- Antarctic Circle
- Antarctic Peninsula
- Falkland Islands
- Ross Sea
- South Georgia
- South Orkney Islands
- South Shetland Islands
- Sub Antarctic/New Zealand
- Weddell Sea
The Antarctic Circle is the parallel that marks the border between the Antarctic Zone and the Southern Temperate Zone. Everything below this circle experiences a period of 24 hour sunlight and 24 hour daylight at least one time per year. Because of very gradual fluctuations in the earth’s tilt, the Antarctic Circle is constantly but slowly changing.
The Antarctic Peninsula is a 1,300 kilometer stretch of land that reaches toward the distant point of South America. The manifold and frosted regions are considered some of the world’s most beautiful alpine landscapes. This portion of Antarctica is covered with mountains topped with ice and snow at 2,800 meters above sea level that are geologically a continuation of the Andes Mountain Range. There are also various waterways commonly inhabited by whales that divide the surrounding islands from the Antarctic mainland. Two well known straits are the Bransfield and the Gerlache and are a great spot to find many of the area’s seals and penguin colonies such as the Adelie, Chinstrap, and Gentoo. Also located here are various research laboratories.
Far more unknown than the west side of the Antarctic Peninsula is the eastern end, the Weddell Sea. Only small portions of the Weddell Sea are able to be passed by ships as much of it is covered by an ice shelf and a great amount of sea ice. The Weddell Sea is home to the characteristic table mountain ice bergs and also the very cold and deep ocean waters that have such an important influence on the world’s climate patterns.
The Falkland Islands are made up of two main islands, East and West Falkland, as well as nearly 800 other small islands. Cruises to the islands have increased gradually in past years as the islands are popular for their rich biodiversity. The Falklands are home to penguins, seabirds, seals, sea lions, and many species of fish. The fishing industry in the area is one of the archipelago’s main economies. The inhabitants of the islands are of mostly English descent though the area has recently become quite diverse. Because of its proximity to South America, the Falkland Islands are also popular for Latinos looking to study English.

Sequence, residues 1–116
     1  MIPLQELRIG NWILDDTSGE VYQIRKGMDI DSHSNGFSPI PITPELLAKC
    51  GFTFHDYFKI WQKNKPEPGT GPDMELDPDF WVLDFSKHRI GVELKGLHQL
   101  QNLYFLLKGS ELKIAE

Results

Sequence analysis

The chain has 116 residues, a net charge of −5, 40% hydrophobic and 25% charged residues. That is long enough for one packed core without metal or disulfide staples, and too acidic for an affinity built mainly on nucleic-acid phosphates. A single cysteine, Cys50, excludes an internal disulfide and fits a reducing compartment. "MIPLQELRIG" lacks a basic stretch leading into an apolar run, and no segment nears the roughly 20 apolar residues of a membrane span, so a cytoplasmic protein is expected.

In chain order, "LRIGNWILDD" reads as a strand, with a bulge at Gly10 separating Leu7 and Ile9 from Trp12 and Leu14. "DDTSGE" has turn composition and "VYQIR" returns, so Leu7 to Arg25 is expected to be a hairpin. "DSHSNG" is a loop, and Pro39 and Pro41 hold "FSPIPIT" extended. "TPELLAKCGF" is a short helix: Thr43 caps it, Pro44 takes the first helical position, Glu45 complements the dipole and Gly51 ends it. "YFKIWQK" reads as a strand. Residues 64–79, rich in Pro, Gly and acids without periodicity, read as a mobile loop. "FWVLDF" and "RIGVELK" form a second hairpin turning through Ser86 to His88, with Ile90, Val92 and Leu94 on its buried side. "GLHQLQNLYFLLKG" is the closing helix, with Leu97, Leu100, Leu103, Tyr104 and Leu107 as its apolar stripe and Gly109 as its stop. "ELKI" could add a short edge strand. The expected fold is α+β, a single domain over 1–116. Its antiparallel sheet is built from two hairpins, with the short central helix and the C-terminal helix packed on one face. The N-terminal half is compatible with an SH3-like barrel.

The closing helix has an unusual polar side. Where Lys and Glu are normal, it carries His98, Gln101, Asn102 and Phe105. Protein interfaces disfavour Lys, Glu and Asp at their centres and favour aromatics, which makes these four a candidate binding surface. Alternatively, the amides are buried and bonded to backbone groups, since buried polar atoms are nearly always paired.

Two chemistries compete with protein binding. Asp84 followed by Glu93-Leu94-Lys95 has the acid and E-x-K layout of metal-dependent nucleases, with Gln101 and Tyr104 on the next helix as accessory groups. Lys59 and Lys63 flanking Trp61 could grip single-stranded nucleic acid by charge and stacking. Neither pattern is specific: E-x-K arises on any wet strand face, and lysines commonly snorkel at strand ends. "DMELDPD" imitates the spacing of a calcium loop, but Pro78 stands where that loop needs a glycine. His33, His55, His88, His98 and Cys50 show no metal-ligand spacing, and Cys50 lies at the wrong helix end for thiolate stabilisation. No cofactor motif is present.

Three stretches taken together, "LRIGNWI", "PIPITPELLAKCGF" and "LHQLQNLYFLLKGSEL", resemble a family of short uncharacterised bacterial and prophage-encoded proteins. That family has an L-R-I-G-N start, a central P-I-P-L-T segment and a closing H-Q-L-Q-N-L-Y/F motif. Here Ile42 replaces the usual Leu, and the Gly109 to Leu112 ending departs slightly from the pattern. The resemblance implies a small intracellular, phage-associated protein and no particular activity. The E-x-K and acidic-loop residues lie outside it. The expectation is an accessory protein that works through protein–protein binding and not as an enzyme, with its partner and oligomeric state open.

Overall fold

The Ross Sea is located in a large indent of the southern portion of the Antarctic continent bordering the massive 500,000 square kilometer Ross Ice Shelf from which large ice table mountains commonly break away. This is an important region in Antarctica’s history as it is the location of so many landmarks such as Franheim in the Bay of Whales, where Roald Amundsen set out from in 1911 to become the first person to reach the South Pole. Another important location is Cape Evans, the starting point for Robert Falcon Scott in 1911 again to reach the South Pole. Scott arrived one month after Amundsen and died of overexertion during his trek back across the Ross Ice Shelf.
Shaped like the back bone of a whale, this island is home to a peak stretching 2,934 meters into the sky. Three quarters of the island is covered with glaciers, ice caps, and snow fields. South Georgia Island was once home to age-old whaling stations and is now considered a true natural paradise.
Discovered in 1821, the South Orkney Islands of Coronation, Signy, Powell, and Laurie are 90% covered with ice. Even during the Antarctic summer, ice bergs and drift ice may prevent landings with the zodiacs. Since 1904, a research station has been located on Laurie Island. The 11 buildings of the Orcadas station belong to Argentina and are now considered to be the oldest research station in Antarctica.
Resting 900 kilometers from the Beagle Channel in Tierra del Fuego are the South Shetland Islands, a multi-faceted group of islands which is generally the first stop for visitors as they cross the Drake Passage. The South Shetland Islands are known for their high snow covered peaks, stunning penguin colonies, and the various research stations located there. The 540 kilometer stretch of islands was fist sighted in 1819 and is today the most visited region on the Antarctic Peninsula thanks to the spectacular landscape and a volcano with a “steaming beach” on Deception Island. Another historical and interesting island to visit is Elephant Island, where 22 members of the Shackleton Endurance Expedition in 1915 and 1916 waited for their rescue for 135 days. Others include King George Island, Aitcho Island, and Livingston Island.
Sub Antarctic/New Zealand
The Sub Antarctic consists of the zone just north of the Antarctic Zone including New Zealand, which has become a very popular destination for cruises to the Antarctic regions. The culture in New Zealand has British roots but has become very diverse hosting ideals and traditions from all over the world. Because of the area’s isolation, New Zealand is home a rich biodiversity including dozens of endemic species of both flora and fauna. Human activity in New Zealand has lead to an above average rate of extinction which has spiked conservation efforts in the area. Some restoration and conservation efforts have included clearing some of the surrounding islands of introduced species and reintroducing endangered species
The Weddell Sea is the sea bordering the eastern side of the Antarctic Peninsula. This area includes various scenic islands with rich wildlife and incredible photo opportunities. The Weddell Sea has become a very popular destination for Antarctic cruises and is one of the closer hotspots to South America, where most of the cruises originate.